Harrisburg, Pa – At a press conference with legislators and the Pennsylvania State Police (PSP), Governor Tom Wolf called for support yesterday for legislation that will impose a fee to municipalities that do not have a local police department and rely solely on State Police for local police coverage, which includes Loyalsock Township.
“We all want safe communities,” Gov. Wolf said. “That means adequate police protection and structurally sound roads and bridges. But right now, some municipalities are not paying their fair share for police protection, and to compensate for that deficit, money is being taken from the Motor License Fund that would otherwise go to our roads and bridges.”
Rep. Mike Sturla’s House Bill 959 and Sen. Jay Costa’s Senate Bill 741 will correct that imbalance by requiring municipalities that rely on state police to chip in on the cost of coverage. The fee will help supplement the funding PSP will lose as the Motor License Fund draw-down is reduced by 4 percent annually until it is capped in 2027.
In response to Gov. Wolf's announcement yesterday, David M. Sanko, the Executive Director of the Pa State Association of Township Supervisors said, "All Pennsylvania residents pay state income tax to access State Police services. No one should be forced to pay twice. In fact, instead of looking for ways to collect more money, let’s look at some ways to control costs. Period."
Rep. Sturla said the fee is fair, however. “While 80 percent of Pennsylvanians pay for their local police services, some with average incomes barely above poverty, 20 percent rely solely on the PSP. The PSP is using Motor License Fund dollars to help fund those patrols and everyone is missing out on road and bridge repair projects that would improve public safety for all. Charging a reasonable fee for the exemplary service the PSP provides will give them the resources needed to provide those services while preserving public safety.”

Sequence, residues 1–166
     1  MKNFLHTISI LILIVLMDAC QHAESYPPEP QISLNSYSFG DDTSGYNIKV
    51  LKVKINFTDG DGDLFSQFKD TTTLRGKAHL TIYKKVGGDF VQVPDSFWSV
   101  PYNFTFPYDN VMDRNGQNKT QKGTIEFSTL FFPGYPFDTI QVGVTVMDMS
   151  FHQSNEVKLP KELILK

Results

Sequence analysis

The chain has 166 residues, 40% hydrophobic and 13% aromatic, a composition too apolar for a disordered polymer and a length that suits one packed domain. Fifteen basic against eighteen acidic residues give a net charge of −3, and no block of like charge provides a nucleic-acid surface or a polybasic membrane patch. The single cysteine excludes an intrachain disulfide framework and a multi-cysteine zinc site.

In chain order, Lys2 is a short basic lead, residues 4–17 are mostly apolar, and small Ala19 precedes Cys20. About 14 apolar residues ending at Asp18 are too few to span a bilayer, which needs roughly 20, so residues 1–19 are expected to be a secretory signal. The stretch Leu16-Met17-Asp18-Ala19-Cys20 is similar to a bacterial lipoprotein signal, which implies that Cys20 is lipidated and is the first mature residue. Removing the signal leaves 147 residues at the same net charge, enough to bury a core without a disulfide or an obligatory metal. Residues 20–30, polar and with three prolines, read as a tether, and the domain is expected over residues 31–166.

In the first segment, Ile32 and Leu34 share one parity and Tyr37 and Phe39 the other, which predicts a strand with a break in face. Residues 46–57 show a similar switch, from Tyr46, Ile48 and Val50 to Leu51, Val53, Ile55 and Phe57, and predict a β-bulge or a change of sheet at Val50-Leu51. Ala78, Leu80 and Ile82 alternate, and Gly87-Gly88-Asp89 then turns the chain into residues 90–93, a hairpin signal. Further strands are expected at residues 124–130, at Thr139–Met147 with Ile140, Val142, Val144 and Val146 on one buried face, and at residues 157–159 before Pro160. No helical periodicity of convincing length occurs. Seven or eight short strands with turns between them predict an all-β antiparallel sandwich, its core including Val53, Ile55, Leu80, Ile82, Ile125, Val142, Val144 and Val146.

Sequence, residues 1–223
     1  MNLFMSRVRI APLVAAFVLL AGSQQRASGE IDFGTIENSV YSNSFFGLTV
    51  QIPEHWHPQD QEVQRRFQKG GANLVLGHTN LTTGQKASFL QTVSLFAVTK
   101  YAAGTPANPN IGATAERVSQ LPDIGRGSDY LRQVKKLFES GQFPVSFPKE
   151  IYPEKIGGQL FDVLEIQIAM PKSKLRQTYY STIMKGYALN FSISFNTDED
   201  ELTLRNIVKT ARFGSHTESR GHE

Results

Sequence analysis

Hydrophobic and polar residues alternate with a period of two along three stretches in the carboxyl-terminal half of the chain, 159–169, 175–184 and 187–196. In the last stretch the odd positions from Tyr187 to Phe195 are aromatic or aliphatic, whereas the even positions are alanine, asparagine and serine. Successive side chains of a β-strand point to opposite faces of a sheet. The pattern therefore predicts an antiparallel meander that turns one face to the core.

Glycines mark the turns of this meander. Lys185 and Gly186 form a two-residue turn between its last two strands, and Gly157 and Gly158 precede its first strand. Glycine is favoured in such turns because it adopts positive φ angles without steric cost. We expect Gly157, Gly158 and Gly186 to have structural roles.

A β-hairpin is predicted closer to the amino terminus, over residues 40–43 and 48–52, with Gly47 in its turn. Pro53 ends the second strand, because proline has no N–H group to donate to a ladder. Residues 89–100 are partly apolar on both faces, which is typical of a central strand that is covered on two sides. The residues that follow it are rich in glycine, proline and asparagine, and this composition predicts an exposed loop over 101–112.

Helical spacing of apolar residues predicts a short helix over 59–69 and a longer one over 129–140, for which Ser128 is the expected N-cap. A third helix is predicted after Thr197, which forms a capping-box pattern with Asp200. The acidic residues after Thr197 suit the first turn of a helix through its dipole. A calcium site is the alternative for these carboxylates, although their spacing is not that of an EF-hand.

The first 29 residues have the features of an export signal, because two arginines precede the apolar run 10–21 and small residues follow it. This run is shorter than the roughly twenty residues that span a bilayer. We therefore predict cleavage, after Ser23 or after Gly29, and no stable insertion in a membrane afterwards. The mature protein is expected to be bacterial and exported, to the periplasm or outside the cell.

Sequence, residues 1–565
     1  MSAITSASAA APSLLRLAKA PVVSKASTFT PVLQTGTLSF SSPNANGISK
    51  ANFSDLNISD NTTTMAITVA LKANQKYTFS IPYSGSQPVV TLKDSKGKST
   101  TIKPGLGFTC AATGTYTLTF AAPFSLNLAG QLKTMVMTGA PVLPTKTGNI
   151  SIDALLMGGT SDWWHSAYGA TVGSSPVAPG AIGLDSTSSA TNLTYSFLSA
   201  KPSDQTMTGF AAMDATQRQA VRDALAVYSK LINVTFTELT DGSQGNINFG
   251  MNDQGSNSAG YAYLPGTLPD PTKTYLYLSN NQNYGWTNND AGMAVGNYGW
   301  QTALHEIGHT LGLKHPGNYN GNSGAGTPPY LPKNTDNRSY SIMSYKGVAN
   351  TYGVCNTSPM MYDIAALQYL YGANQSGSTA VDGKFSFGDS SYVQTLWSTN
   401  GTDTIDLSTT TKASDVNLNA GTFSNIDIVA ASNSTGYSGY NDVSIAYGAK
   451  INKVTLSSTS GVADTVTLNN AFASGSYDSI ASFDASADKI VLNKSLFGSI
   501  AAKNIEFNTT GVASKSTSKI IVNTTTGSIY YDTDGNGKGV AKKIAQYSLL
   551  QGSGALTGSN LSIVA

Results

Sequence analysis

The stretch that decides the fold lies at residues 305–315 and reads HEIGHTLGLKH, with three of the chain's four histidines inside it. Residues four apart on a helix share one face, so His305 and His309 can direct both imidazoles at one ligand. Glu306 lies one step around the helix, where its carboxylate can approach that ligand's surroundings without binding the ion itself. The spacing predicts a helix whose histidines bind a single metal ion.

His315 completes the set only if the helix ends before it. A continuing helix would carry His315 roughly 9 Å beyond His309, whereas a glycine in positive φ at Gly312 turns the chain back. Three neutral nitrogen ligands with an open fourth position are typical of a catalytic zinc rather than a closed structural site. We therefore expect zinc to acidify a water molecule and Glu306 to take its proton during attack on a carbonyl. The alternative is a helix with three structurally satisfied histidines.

“When local governments disbanded their police forces, our State troopers stepped in to do the work,” Sen. Costa added. “They upheld their oath to protect all of our citizens. The problem in this funding stream is not with our brave men and women who are officers. But they are doing a new job now, and we need a fair, guaranteed revenue for their expanded scope.”
House Bill 959 and Senate Bill 741 would assess a fee on municipalities where the State Police provides full-time local policing services. The fee would be assessed to the municipality on a per-capita basis according to the most recent decennial census population, excluding the institutionalized population in state Department of Corrections Institutions. Distressed municipalities and those in Act 47 status are exempt from paying the fee.
The fee schedule is set on a sliding scale ranging from $8.00 per capita for a municipality with a population up to 2,000, to $166 per capita for municipalities with a population over 20,000.
Sanko said, "Because the real crux of the issue is that local police services are prohibitively expensive. This is a direct result of collective bargaining and pension mandates from the state that inflate these costs beyond the reach of most communities, even those with a solid tax base. Rather than adding to the list of mandates – as HB 959 and SB 741 and their dear departed brethren have proposed – lawmakers should focus on making policing affordable for all communities, including those that have and need local police but are struggling under the financial burden to the point of becoming distressed."
But Gov. Wolf reinforced that all Pennsylvanians pay their fair share. "I’m asking for support for House Bill 959 and Senate Bill 741, which will help ensure all communities are kept safe without taking anything away from the infrastructure we all share and need.”